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Power Plant Operator

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Life As a Power Plant Operator

Position Description Control, operate, or maintain machinery to generate electric power. Includes auxiliary equipment operators.

What Do Power Plant Operators Do On a Daily Basis?

  • Monitor power plant equipment and indicators to detect evidence of operating problems.
  • Replenish electrolytes in batteries and oil in voltage transformers, and reset tripped electric relays.
  • Operate or maintain distributed power generation equipment, including fuel cells or microturbines, to produce energy on-site for manufacturing or other commercial purposes.
  • Take regulatory action, based on readings from charts, meters and gauges, at established intervals.
  • Open and close valves and switches in sequence to start or shut down auxiliary units.
  • Operate, control, or monitor gasifiers or related equipment, such as coolers, water quenches, water gas shifts reactors, or sulfur recovery units, to produce syngas or electricity from coal.

Power Plant Operator Skills

These are the skills Power Plant Operators say are the most useful in their careers:

Operation Monitoring: Watching gauges, dials, or other indicators to make sure a machine is working properly.

Critical Thinking: Using logic and reasoning to identify the strengths and weaknesses of alternative solutions, conclusions or approaches to problems.

Operation and Control: Controlling operations of equipment or systems.

Speaking: Talking to others to convey information effectively.

Active Listening: Giving full attention to what other people are saying, taking time to understand the points being made, asking questions as appropriate, and not interrupting at inappropriate times.

Quality Control Analysis: Conducting tests and inspections of products, services, or processes to evaluate quality or performance.

  • Control Room Operator
  • Outside Plant Technician
  • Booster Operator
  • Power Generation Technician
  • Pilot Plant Technician

Job Outlook for Power Plant Operators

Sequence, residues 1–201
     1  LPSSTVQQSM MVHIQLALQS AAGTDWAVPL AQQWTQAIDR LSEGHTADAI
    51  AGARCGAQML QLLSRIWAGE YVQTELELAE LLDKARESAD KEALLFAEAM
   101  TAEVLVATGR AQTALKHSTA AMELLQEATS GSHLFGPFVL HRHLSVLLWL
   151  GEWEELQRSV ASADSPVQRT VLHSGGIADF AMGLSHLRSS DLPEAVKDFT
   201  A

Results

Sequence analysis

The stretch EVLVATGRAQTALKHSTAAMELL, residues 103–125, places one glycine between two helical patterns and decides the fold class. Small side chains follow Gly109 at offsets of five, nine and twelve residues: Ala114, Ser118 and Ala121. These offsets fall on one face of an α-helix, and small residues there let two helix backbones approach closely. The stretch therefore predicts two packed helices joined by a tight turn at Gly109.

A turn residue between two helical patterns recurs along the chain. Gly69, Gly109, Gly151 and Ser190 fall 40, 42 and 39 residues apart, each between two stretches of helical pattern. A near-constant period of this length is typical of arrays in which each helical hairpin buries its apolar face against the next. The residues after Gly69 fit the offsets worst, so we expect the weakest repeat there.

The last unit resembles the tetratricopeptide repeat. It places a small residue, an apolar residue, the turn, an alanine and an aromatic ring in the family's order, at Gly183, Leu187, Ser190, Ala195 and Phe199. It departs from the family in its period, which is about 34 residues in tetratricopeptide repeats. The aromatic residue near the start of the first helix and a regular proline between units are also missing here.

There were about 36,100 jobs for Power Plant Operator in 2016 (in the United States). New jobs are being produced at a rate of 1.1% which is below the national average. The Bureau of Labor Statistics predicts 400 new jobs for Power Plant Operator by 2026. The BLS estimates 3,200 yearly job openings in this field.

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The states with the most job growth for Power Plant Operator are Nevada, Texas, and North Dakota. Watch out if you plan on working in Wisconsin, Montana, or Maine. These states have the worst job growth for this type of profession.

Salary for a Power Plant Operator

The salary for Power Plant Operators ranges between about $45,590 and $106,650 a year.

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Power Plant Operators who work in California, Washington, or Hawaii, make the highest salaries.

How much do Power Plant Operators make in each U.S. state?

State Annual Mean Salary
Alabama $70,890
Alaska $63,310
Arkansas $69,980
California $93,610
Colorado $78,060
Connecticut $77,550
Florida $72,950
Georgia $70,640
Hawaii $90,650
Idaho $68,280
Illinois $72,060
Indiana $68,330
Iowa $77,140
Kansas $57,030
Kentucky $80,870
Louisiana $71,380
Maine $69,300
Maryland $87,040
Massachusetts $79,370
Michigan $80,420
Minnesota $82,100
Mississippi $76,740
Missouri $76,320
Montana $83,580
Nebraska $70,350
Nevada $87,230
New Hampshire $67,060
New Jersey $84,190
New Mexico $81,690
New York $87,360
North Carolina $79,900
North Dakota $87,130
Ohio $73,650
Oklahoma $67,570
Oregon $79,300
Pennsylvania $72,550
South Carolina $71,630
Tennessee $77,880
Texas $74,380
Utah $75,590
Vermont $63,550
Virginia $62,360
Washington $93,600
West Virginia $65,810
Wisconsin $67,150
Wyoming $78,890

What Tools do Power Plant Operators Use?

Below is a list of the types of tools and technologies that Power Plant Operators may use on a daily basis:

  • Microsoft Excel
  • Microsoft Word
  • Microsoft Office
  • Microsoft PowerPoint
  • Microsoft Outlook
  • Microsoft Access
  • Email software
  • Supervisory control and data acquisition SCADA software
  • Computerized maintenance management system CMMS
  • Distributed control system DCS
  • Interlock shutdown systems

How to Become a Power Plant Operator

Learn what Power Plant Operator education requirements there are.

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How many years of work experience do I need?

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Where do Power Plant Operators Work?

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The table below shows some of the most common industries where those employed in this career field work.

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You May Also Be Interested In…

Those thinking about becoming a Power Plant Operator might also be interested in the following careers:

Career changers with experience as a Power Plant Operator sometimes find work in one of the following fields:

References:

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More about our data sources and methodologies.

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